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Methods and Design Considerations for the Application of Hot Melt Coatings – Part 1 of 3

The following is part one of a series of 3 blogs that will go through a white paper written by New Era Converting Machinery’s Tom Lombardo and Bob Pasquale. The white paper is titled “Methods and Design Considerations for the Application of Hot Melt Coatings.”

Part 1 will offer an overview of the entire paper and what to expect in coming blogs. Part 2 will give a detailed account of various coating application methods. Part 3 will wrap the series up with design considerations in hot melt application systems and offer a brief conclusion.


Part 1: Introduction and Background


Hot Melt Roll CoaterAs the use of hot melt coatings continues to grow and evolve so too have the operating parameters and requirements for applying these coatings. This article covers several of the coating methods currently used to apply hot melts, including a review of the typical operating parameters and conditions for each method. as well as the associated advantages or disadvantages. Additionally, we discuss the critical features that should be incorporated into the design of the application system. Though we touch upon the systems that are used to melt and deliver the hot melts to the coater, we do not cover them in any detail.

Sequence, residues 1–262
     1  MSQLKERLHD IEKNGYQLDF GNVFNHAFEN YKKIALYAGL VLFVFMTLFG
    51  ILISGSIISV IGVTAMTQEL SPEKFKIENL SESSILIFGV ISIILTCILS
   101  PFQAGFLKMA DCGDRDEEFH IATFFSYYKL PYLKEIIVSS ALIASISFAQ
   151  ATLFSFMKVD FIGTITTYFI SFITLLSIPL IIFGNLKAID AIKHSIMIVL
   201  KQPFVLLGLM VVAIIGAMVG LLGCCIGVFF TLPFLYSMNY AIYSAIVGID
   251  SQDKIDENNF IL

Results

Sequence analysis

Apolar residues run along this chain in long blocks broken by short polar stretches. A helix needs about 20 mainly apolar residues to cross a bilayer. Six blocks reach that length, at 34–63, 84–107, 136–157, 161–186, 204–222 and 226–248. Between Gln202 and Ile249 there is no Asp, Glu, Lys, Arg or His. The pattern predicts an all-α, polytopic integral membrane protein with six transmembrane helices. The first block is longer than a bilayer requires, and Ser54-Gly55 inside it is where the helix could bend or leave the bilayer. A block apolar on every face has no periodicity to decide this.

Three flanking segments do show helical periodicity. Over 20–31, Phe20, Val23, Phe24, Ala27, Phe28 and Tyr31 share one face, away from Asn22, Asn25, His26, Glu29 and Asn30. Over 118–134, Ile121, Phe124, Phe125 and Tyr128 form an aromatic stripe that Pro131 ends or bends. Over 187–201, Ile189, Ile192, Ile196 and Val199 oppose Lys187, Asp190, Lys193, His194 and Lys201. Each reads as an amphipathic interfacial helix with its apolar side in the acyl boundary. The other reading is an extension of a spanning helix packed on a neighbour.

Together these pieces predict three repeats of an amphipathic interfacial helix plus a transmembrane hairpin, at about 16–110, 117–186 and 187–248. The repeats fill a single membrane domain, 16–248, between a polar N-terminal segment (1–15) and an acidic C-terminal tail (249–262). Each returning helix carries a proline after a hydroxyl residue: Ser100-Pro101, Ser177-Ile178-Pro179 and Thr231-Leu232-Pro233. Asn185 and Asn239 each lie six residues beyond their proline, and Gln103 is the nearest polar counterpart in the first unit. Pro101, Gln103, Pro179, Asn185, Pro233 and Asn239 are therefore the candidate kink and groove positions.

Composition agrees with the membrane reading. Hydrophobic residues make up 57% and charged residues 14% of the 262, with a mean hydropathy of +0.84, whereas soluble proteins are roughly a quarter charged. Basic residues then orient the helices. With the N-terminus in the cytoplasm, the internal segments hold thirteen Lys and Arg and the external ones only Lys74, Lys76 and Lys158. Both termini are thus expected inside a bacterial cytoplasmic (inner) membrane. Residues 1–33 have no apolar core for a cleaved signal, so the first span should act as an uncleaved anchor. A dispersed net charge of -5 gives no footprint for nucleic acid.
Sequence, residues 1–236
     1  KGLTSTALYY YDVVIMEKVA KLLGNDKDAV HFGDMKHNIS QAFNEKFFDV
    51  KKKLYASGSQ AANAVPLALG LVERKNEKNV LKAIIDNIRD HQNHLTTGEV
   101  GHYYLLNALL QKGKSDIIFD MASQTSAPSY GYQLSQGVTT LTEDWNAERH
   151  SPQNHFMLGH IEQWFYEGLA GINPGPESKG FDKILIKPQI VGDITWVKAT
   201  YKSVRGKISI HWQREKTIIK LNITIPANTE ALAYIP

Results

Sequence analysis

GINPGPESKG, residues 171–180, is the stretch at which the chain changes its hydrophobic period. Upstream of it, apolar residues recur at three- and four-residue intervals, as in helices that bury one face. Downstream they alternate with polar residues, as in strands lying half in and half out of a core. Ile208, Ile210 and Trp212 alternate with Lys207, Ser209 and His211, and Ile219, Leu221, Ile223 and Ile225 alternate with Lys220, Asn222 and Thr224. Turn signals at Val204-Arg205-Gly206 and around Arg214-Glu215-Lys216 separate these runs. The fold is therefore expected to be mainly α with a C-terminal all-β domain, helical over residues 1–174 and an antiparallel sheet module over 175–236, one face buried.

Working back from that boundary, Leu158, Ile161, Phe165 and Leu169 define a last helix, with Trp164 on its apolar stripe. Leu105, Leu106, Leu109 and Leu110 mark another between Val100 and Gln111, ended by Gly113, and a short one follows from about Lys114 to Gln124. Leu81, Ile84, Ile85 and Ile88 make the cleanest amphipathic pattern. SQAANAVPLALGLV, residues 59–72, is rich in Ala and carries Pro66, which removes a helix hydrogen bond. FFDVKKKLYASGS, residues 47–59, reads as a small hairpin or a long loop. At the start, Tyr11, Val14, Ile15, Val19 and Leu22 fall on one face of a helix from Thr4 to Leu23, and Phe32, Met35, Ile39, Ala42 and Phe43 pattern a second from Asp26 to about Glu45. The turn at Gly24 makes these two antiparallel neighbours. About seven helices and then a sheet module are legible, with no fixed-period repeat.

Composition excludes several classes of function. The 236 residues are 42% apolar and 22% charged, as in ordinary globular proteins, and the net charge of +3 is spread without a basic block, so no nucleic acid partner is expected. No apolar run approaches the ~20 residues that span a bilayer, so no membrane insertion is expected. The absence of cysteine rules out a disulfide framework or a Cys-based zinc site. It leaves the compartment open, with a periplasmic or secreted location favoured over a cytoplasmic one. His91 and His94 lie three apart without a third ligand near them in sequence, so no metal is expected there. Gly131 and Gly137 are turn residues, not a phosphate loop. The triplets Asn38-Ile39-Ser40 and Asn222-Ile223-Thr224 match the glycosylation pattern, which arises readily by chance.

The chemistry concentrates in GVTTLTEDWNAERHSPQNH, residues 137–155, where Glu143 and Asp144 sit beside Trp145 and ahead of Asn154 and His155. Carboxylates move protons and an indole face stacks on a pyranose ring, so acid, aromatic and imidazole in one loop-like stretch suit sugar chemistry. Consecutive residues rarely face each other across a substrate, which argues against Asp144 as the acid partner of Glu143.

Typical hot melt coatings have two distinct characteristics which set them apart from other forms of coatings. First, they are a 100% solid coating, which eliminates the need to remove any solvent or water carriers in a post application process. Second, they are in a solid form at room temperature, transitioning to a liquid state as heat is applied, with their viscosities reducing as the temperature increases. The relationship between temperature and viscosity varies based upon the chemical composition of the coating, with viscosities as low as 5 cps (0.005 Pa·s) and as high as 250,000 cps (250 Pa·s). Typical application temperatures range from 200°F to 400°F, though certain coatings are applied at lower or higher temperatures.

For purposes of this article we do not consider waxes or wax based coatings, even though they do meet the above parameters. We also do not cover those coatings which are thermoplastic in nature and are applied by extrusion coating.


*Click here to read the second blog in the series, or check back soon for the final blog in the series!*